Though the yellow-billed cuckoo population is decreasing due to diminishing habitat, the popular ruby-throated hummingbird can be seen in great abundance at the Lake. “We put out feeders and visitors to the park are always amazed at how many hummingbirds the feeders attract – sometimes hundreds at a time,” Korsch says. To honor this remarkable feathered visitor, the town of Gravois Mills hosts an annual early-summer Hummingbird Festival, set this year for June 23. The event coincides with the high season of hummingbirds in the village, and features music, magic shows, square dancing, a judged car show, food and crafts booths, children’s activities and hummingbird tagging by Missouri Department of Conservation experts.
Korsch adds, “If you are interested in woodpeckers, the Lake area is a great place to see them year-round, especially the large pileated woodpeckers. They are locally common and rare outside of the region, because they need an area like this with 17,000 acres of woods.”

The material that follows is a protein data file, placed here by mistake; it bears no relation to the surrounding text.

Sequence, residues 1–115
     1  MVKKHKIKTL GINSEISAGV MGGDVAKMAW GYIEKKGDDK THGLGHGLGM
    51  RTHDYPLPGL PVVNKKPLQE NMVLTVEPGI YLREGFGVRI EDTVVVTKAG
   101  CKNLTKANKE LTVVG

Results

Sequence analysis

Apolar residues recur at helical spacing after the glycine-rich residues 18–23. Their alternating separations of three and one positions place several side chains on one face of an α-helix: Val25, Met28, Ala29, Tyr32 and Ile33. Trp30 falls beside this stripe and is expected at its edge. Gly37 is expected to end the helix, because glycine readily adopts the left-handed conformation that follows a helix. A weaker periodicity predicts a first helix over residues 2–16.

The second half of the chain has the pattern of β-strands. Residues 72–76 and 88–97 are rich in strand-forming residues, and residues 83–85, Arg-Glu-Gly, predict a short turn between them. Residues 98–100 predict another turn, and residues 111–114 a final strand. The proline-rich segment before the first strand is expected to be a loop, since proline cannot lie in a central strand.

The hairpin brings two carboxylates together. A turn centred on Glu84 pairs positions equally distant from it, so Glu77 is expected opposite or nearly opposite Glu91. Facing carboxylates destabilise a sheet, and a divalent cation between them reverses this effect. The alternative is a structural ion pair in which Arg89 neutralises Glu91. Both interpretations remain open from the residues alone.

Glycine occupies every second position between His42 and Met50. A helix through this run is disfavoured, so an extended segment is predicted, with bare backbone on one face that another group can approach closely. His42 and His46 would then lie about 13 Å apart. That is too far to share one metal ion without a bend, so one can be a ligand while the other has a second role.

Other birds that can be seen at the Lake of the Ozarks are the robin, nuthatch, northern cardinal, goldfinch, eastern bluebird, tufted titmouse, tern, bobwhite, whippoorwill, blue jay, wood thrush and eastern meadowlark. Eastern phoebes and northern rough-winged swallows frequently can be seen making their mud nests on the bluffs that surround the Lake.
Sky Johnson, proprietor of Eagles Nest Resort & Condominiums in Sunrise Beach, says her husband, Bill, is about to put up the fourth purple martin house on the property. “The martins come back year after year and use the houses,” she says. “We have bird feeders everywhere and we do whatever we can to attract a variety of birds. Our guests really enjoy it.”